Microsoft today announced plans to deliver a consumer subscription service to provide automated protection, maintenance and performance tuning as an all-in-one package for Windows-based PCs. Windows OneCare is being designed to address core safety concerns such as worms, viruses and spyware.
According to IDC, the need to identify and eradicate spyware programs will drive anti-spyware software revenues from US$12 million in 2003 to $305 million in 2008.
Virus encounters, virus disasters, malicious code — and the recovery time and cost associated with these events — are on the rise, according to Cybertrust division ICSA Labs.
Going on the Defensive
“Windows OneCare is the next major advance in our ongoing efforts to help keep consumers’ Windows-based PCs ‘healthy’ in a way that’s simple and as worry-free as possible for them,” said Ryan Hamlin, general manager of the Technology Care and Safety Group at Microsoft.
“We’re designing the service so it will continually update and evolve over time, helping to ensure that our customers will have the most complete and effective protection and safety services in place every time they turn on their PC.”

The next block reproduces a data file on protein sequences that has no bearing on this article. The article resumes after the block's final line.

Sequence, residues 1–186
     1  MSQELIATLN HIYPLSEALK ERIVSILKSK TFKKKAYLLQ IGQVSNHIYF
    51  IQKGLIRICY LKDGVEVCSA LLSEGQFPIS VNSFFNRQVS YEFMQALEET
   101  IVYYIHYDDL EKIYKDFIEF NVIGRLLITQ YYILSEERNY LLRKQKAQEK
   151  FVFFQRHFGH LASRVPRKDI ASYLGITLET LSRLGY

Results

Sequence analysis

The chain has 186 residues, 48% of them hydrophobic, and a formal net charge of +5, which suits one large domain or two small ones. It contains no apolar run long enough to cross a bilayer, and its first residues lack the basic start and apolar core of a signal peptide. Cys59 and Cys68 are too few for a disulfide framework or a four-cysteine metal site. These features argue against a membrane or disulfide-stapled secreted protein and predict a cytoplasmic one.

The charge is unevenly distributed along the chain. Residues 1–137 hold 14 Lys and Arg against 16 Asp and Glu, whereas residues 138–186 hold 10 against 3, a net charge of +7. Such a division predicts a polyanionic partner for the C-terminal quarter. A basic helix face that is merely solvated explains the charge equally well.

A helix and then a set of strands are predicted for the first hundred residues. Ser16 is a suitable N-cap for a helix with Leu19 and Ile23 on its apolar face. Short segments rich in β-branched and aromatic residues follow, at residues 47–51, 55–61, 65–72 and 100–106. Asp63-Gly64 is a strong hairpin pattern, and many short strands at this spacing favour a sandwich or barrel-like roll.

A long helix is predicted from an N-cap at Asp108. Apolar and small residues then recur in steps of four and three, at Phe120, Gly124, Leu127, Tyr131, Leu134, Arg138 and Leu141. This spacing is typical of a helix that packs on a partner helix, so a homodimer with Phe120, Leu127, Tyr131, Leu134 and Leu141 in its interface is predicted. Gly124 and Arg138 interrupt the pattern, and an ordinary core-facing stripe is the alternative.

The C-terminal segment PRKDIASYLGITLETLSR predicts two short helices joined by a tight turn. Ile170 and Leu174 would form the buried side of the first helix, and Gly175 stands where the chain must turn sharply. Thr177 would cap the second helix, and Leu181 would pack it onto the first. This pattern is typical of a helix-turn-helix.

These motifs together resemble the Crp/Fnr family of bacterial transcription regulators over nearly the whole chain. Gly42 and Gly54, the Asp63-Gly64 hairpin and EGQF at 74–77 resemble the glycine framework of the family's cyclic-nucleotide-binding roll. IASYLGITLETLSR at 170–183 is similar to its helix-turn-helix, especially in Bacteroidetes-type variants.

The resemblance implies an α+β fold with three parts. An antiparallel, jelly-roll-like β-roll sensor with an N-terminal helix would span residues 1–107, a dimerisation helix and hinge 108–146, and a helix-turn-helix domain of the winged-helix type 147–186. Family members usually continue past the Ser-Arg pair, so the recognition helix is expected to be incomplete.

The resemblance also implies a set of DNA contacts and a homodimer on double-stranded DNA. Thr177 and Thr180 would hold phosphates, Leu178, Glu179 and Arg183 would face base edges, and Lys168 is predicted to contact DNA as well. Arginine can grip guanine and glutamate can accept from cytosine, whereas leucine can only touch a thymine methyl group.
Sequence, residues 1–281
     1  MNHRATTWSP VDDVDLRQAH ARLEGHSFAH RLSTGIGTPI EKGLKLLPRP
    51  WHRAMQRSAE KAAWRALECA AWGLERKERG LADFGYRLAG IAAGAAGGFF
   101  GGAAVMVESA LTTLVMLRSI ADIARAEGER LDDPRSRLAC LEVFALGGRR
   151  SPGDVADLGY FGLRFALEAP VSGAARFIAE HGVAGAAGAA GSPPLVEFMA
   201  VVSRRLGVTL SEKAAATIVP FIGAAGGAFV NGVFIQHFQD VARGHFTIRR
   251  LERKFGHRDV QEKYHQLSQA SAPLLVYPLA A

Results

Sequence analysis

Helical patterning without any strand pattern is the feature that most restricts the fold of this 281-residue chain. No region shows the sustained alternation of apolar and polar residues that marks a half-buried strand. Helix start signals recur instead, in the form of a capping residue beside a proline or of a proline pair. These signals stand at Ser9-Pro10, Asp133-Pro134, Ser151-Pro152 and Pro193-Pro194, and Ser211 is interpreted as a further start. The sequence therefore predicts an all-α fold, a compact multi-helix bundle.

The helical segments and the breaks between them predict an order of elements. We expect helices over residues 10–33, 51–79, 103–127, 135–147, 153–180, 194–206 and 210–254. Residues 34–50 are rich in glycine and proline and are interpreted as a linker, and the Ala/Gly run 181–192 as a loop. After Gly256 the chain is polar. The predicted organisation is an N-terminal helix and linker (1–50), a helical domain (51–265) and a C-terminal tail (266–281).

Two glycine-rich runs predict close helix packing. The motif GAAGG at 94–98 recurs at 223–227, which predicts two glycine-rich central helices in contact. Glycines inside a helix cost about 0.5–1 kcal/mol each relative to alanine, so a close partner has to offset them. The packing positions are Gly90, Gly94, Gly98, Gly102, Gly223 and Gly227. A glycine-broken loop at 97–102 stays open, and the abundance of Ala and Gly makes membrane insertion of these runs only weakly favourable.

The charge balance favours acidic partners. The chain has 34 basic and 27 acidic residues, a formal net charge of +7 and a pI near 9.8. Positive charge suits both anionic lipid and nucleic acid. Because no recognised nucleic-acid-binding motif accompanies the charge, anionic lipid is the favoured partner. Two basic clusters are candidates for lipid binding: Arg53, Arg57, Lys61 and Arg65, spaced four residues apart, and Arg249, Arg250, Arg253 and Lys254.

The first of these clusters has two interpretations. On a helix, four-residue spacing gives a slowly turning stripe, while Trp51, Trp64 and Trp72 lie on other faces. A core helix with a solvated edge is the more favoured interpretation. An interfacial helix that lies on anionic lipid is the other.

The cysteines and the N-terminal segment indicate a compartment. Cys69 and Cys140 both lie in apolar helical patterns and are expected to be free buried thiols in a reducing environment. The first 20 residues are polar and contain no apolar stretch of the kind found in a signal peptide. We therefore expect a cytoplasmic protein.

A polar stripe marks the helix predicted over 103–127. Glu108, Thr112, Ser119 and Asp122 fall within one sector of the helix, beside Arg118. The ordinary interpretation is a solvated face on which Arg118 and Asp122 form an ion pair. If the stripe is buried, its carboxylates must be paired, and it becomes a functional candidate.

Basex CEO and Chief Analyst Jonathan Spira told TechNewsWorld that Microsoft’s entry into this market will stimulate even more competition.
“There are two sides to this,” he said. “One is that Microsoft probably knows best how to protect its systems. The other is that Microsoft is charging its customers to protect its systems from flaws which may have arisen from design issues.”
Dr. Microsoft Makes House Calls
In addition to providing automatically updated anti-virus, anti-spyware and two-way firewall protection, OneCare will also span broader PC health issues, including helping protect electronic assets such as digital photos, music, financial data and software and guarding against performance degradation and system clutter that can result from heavy use.
OneCare will allow PC owners to automatically carry out periodic maintenance tasks such as disk cleanup, hard-drive defragmentation and file repair. The service also will offer boot-time information and proactive support tools to help improve the customer experience.
Windows OneCare will enable automated backup of files by category on CD and DVD, along with the option to back up all files on the system or only those that have changed since the last time the action was performed. If files are accidentally deleted or corrupted on the PC hard drive, the service is designed to restore saved versions or map them on a new PC.
Microsoft has been developing the service for three years to run on its Windows XP with Service Pack 2. OneCare is initially being distributed to Microsoft employees this week as part of an extensive testing and development process before broad public beta availability scheduled for later this year.